Avonex is a form of the protein beta interferon, which occurs in the body. These proteins help to fight viral infections in the body. Avonex is used as treatment for relapsing forms of multiple sclerosis. Although it will not cure MS, Avonex has been known to decrease the frequency of relapse. The drug, which is manufactured by Biogen, Inc., was approved by the FDA in 1996. By 2004, Avonex had made $1.42 billion in sales and was used by more than 130,000 patients.
Recently, a warning was added to Avonex packaging which states that severe hepatic injury, or hepatic failure may occur. Hepatitis and elevated serum hepatic enzyme levels were reported in patients taking Avonex. In many cases, these injuries occurred while Avonex was being used in combination with other products or drugs such as alcohol. The FDA and manufacturers have stated that MS patients on Avonex should be monitored closely for liver problems.
In 2005, the FDA also reported that some people suffered from Progressive Multifocal Leukoencephalopathy (PML) while taking Avonex. Many people with MS take Avonex in combination with other drugs, such as Tysabri (which was taken off the market after serious side effects were discovered). There were two severe instances when Tysabri and Avonex were taken together. In one instance, the person taking the drugs died, while the other developed PML—a rare and frequently fatal disease of the central nervous system. PML often causes irreversible mental deterioration and death. Both patients had taken Avonex in combination with Tysabri for more than two years. Symptoms of PML include mental deterioration, vision loss, speech disturbances, ataxia (inability to coordinate movements), paralysis and coma.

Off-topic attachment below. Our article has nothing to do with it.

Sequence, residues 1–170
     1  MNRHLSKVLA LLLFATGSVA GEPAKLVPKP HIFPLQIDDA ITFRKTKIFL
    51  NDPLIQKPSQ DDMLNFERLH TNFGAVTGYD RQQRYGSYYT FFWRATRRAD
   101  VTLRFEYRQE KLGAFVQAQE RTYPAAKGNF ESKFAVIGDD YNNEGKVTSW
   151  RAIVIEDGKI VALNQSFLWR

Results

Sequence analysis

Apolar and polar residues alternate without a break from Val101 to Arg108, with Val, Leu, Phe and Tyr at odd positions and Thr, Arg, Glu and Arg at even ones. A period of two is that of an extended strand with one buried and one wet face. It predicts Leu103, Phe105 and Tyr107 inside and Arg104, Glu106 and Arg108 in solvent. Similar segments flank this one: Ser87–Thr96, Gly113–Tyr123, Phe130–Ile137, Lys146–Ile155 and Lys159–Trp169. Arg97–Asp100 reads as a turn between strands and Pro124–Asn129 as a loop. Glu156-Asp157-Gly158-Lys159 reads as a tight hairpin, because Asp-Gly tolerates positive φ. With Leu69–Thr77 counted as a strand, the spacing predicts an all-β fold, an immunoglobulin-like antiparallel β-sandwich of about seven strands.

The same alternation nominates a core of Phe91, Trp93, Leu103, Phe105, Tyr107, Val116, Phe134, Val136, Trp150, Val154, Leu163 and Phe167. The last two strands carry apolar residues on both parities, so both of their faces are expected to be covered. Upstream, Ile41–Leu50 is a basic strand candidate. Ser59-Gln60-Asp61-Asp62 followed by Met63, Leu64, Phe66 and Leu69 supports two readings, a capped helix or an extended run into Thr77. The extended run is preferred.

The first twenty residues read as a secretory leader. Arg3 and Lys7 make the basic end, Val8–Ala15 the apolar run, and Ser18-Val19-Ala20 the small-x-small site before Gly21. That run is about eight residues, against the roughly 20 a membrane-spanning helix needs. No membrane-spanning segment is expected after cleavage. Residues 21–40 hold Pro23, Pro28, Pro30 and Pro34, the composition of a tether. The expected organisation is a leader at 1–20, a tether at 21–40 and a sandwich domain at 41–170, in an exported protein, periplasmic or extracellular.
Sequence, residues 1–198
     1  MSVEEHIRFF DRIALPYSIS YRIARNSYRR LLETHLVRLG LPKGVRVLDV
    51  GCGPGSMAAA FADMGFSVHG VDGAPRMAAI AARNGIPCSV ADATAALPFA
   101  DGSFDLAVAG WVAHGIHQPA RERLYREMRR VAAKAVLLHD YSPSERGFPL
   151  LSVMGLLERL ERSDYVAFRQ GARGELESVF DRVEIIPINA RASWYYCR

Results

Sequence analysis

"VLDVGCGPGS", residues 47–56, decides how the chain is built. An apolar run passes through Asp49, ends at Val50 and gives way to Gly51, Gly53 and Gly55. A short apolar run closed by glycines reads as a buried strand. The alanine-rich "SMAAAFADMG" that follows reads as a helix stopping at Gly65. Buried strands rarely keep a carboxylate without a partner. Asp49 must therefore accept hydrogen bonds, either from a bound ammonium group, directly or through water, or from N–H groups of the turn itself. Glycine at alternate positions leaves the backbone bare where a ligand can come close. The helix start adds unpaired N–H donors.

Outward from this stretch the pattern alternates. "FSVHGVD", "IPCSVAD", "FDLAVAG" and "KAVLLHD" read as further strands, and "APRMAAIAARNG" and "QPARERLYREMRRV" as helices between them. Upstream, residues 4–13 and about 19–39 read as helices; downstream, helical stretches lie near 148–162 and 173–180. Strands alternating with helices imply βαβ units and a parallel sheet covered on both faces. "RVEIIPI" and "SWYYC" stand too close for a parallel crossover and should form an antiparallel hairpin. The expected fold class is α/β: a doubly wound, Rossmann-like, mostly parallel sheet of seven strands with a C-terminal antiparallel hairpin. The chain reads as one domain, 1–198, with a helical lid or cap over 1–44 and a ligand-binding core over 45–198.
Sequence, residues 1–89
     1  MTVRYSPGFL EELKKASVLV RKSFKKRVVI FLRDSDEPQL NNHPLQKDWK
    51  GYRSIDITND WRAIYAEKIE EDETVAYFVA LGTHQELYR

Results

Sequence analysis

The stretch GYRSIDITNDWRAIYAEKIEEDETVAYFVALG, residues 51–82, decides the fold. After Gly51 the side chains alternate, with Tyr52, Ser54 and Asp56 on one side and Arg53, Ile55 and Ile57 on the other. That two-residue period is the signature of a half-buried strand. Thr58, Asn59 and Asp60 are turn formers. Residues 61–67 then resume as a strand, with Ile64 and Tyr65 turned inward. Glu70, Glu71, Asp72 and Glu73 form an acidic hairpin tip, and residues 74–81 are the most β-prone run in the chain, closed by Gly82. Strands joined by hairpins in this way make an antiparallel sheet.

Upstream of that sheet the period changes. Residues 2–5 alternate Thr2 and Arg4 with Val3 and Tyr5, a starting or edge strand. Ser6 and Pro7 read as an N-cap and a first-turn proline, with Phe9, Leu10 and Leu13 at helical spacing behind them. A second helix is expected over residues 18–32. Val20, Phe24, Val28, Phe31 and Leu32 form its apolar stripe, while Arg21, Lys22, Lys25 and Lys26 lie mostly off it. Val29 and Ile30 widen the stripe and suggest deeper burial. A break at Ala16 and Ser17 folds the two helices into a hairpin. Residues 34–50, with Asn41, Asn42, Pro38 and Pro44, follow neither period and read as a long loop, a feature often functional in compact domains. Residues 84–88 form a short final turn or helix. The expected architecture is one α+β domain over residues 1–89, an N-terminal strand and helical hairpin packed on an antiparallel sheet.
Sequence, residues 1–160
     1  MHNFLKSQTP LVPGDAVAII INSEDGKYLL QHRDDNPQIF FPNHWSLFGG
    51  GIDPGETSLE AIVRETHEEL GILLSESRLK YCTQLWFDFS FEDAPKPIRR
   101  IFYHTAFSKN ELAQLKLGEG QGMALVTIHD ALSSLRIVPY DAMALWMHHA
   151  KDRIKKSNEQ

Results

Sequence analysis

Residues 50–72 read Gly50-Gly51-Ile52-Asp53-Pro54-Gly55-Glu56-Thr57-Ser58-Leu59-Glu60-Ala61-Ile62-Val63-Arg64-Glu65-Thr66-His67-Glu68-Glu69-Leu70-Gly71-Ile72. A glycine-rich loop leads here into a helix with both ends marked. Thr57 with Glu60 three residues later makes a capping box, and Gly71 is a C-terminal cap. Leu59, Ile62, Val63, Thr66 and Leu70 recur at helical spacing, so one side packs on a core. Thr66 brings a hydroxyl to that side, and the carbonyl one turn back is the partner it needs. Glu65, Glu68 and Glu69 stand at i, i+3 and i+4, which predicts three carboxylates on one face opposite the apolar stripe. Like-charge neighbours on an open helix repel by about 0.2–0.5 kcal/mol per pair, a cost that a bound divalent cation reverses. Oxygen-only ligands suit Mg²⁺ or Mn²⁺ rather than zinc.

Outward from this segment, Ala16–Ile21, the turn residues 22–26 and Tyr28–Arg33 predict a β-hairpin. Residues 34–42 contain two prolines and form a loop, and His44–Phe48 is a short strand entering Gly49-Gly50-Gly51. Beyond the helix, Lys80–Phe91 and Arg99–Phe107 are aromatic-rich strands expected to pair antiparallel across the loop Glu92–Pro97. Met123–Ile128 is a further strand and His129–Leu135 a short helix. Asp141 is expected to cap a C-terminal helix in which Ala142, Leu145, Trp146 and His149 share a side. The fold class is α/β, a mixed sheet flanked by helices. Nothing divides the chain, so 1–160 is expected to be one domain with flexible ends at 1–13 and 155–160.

Less serious side effects may include:
- Headache, dizziness
- Stomach pain
- Runny or stuffy nose
Serious side effects may include:
- Depressed mood, anxiety, trouble sleeping, restlessness, or thoughts of suicide or hurting yourself
- Easy bruising, bleeding, or weakness
- Seizure (convulsions)
- Numbness or tingling in your hands or feet
- Pain or burning when you urinate
- Pain, swelling, or skin changes where the injection was given
- Fever, chills, body aches, flu symptoms
- Nausea, stomach pain, low fever, loss of appetite, dark urine, clay-colored stools, jaundice (yellowing of the skin or eyes)